And then walked pretty slowly, breathing heavily, back to where Molly and Sam were and took my inhaler for the first and only time of that trip. It turns out running at 10,640 feet is not the same as running at sea level. Turns out my body didn’t like that much, even for half a mile or so.

A little further down the way, we ran into the ranger coming back from Guitar Lake, who asked me the usual questions. The name our permit was under (mine), how many people were in our group (three, but Sam is coming up around the bend – there he is). When Sam arrived, the ranger asked, all seriousness, if he was disoriented (altitude sickness). Sam responds with a declaration that time does not exist for today or tomorrow.
Which does not exactly help the case that he was not disoriented. He’s usually like this, I swear, Mr. Ranger person.

We continued onto Guitar Lake, which is a windy, rocky camp that is yes, on the shore of a lake shaped like a Guitar, although you can’t see the shape from the shoreline. Our tents had to be staked with rocks and our stuff put in the tents quickly to keep them from blowing away, and as we made our last meal on the trail, we were treated with one of the most beautiful sunsets I’ve ever seen before our early bedtime.

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A Stomach and Foot in Mexico City

A break from our scheduled posts for Day 5 and 6 of the High Sierra Trail because I’m in Mexico guys, and have been for a few days now. I had hoped to write those trail posts on the trail and just type them up when I was off – but it turns out I was simply too exhausted on those days to write.

I’m rather fond of this city. I find myself wishing I had studied abroad here instead of Vietnam, or lived here instead of India – but who knows if I’d appreciate the charms of this place without those experiences.

Despite this, at the moment I am highly unmotivated to do anything. I’m not sick, but it’s the sort of run down that you feel where your body is warning you that it might get sick and that you should take care of yourself. And stop eating so much spicy salsa. And go to bed early.

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For the Guac.

So my dinner is crackers and a vitamin water and I’m holed up in my room, taking a break from re-reading an old favorite fantasy novel to write to you all.

Our first day, we hired two charming gay foodie best friends.
Not really, and I’m totally making assumptions on the fact that these two gentlemen live together in a gorgeous house and have portraits of the two of them done on their sexuality. But they run a wonderful cooking class out of said gorgeous house and because it was just Molly and me in the class, it did kind of feel like we were hanging out with from friends over food and mezcal.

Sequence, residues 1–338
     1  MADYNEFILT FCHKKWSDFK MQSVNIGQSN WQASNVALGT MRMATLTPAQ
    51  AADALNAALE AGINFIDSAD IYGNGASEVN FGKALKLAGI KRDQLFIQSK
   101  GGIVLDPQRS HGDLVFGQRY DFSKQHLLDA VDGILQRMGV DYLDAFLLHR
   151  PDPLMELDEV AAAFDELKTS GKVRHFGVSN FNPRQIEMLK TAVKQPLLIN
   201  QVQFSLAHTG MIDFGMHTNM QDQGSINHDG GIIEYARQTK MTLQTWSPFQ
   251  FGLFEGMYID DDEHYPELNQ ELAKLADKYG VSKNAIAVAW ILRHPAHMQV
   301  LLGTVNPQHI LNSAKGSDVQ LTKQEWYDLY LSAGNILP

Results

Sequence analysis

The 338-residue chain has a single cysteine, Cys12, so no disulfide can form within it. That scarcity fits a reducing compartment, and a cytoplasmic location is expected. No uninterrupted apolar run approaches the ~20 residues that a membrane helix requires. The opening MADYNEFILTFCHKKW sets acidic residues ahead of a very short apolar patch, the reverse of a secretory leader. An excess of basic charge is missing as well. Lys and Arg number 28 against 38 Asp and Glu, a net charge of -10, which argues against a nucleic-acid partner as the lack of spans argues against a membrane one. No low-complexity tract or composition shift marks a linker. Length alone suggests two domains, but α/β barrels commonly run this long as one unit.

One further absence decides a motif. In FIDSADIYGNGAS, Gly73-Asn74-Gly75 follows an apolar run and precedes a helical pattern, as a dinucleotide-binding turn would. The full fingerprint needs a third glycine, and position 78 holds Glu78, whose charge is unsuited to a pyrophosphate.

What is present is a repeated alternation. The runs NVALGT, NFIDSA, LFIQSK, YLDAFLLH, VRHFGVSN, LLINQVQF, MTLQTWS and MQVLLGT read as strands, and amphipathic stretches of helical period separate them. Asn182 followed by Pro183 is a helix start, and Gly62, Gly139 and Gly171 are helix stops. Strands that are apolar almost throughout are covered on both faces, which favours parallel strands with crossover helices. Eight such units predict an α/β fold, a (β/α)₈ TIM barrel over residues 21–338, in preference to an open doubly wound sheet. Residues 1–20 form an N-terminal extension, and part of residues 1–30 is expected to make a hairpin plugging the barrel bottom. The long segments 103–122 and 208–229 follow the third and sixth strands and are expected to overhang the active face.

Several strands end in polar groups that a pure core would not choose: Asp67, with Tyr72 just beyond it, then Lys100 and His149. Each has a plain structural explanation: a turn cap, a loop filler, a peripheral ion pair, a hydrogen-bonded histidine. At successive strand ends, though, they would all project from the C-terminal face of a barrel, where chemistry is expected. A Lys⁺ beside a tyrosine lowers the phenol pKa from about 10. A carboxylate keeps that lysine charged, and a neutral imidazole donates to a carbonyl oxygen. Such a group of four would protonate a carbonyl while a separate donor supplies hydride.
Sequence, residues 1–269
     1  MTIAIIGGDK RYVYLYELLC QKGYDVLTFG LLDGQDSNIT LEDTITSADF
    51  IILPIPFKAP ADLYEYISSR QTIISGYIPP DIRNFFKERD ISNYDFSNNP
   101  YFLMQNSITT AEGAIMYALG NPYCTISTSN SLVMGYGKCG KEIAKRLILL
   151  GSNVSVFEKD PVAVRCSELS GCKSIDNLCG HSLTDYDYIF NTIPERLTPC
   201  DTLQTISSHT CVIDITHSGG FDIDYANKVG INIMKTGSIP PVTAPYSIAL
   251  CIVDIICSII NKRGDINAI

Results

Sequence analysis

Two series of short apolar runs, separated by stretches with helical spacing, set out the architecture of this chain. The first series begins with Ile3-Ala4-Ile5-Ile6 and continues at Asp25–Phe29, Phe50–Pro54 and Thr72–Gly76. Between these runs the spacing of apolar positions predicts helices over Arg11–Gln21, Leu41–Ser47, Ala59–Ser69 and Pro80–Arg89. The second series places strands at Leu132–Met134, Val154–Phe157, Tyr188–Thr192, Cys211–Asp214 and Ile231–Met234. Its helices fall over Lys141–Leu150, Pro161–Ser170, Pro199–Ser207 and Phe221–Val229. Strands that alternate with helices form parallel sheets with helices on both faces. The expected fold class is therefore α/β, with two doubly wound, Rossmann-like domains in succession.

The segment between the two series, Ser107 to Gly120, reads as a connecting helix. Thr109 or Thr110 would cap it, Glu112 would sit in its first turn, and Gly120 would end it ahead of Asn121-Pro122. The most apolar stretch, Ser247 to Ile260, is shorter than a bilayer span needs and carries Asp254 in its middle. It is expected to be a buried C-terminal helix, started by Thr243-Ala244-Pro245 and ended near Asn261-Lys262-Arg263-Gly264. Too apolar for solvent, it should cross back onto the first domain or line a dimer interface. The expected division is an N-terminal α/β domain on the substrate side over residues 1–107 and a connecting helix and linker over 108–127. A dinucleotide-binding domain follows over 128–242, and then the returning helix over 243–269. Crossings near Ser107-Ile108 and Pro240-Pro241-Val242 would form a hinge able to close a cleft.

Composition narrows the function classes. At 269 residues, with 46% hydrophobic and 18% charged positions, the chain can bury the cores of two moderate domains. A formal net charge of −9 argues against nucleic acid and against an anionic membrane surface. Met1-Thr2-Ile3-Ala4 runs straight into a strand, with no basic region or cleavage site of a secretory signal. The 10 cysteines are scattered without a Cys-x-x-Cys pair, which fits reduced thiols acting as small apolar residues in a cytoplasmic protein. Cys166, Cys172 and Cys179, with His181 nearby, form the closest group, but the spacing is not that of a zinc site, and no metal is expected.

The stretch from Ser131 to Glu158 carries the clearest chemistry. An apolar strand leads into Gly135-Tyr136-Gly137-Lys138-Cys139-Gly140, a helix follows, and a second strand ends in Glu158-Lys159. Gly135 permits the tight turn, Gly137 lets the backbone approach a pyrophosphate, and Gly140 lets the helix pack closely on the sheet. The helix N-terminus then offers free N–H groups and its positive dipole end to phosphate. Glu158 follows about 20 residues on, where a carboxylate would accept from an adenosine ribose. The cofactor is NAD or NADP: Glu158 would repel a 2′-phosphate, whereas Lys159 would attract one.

They were totally gracious with our atrociously late start time as well. Y’all know me, I’m usually 5 minutes early to everything. Let’s just say that there was an emergency pit stop that resulted in me taking swigs directly from the pepto bottle as we walked our way to our meeting place a good 20 plus minutes late.

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We toured a local market, tried several different kinds of Mexican cheese, salsas, ice creams, coffees, etc. Then we went to their house and made several different kinds of salsas, enchilladas, and molotes poblanos. We finished up with talking over their favorite places to eat in the city, several of which we’ve gone ahead and tried. It was an excellent start to a trip – I was even able to explain to someone the difference between the green and the red salsas today.

That night, we walked twenty minutes in a thunderstorm to get hot chocolate and churros from El Moro, which is like Mexico City’s Cafe du Monde (in New Orleans) only with zero tourists.

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One of the things I like about Mexico City actually, is the surprising lack of tourists and the catering to them. How have y’all not discovered this city with all its museums and good food? The result is that most don’t speak English – and will just patiently wait as you stumble your way through your broken Spanish instead of trying to engage you in English, which is the total opposite of my experience in Asia.

Our second day, we made our way to the Frida Khalo museum way on the other end of town. Cute little museum, half history, half art, half garden. An interesting temporary exhibit on her clothes. There’s also a tricky broken step on your way into the cafe, which my foot failed to conquer and was promptly sliced open when I fell with a thud. I had about eight workers hovering around me, only two of which were doing anything useful – translating and cleaning me up. They suggested calling a doctor and getting stitches. One brought out a wheelchair.

It’s this awkward and deep (but deep like, horizontally if my foot is flat on the ground) cut that is mostly like it half took a layer of my callus itself off – I’m not entirely sure how one would stitch a callus. I’ve been cleaning it and bandaging it and babying it (as much as one is able when you’re touristing). I’m just glad this happened after I walked 72.2 miles.

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And that my camera, which was not focusing properly after the fall, was easily fixed. It’s a trusty little camera that has given me some good shots.

This adventure also resulted in a lot of free post cards from the museum, and me not trusting my foot to make it all the way up to the top of the Temple of the Sun when we went to Teotihucan today. Which I’m totally okay with.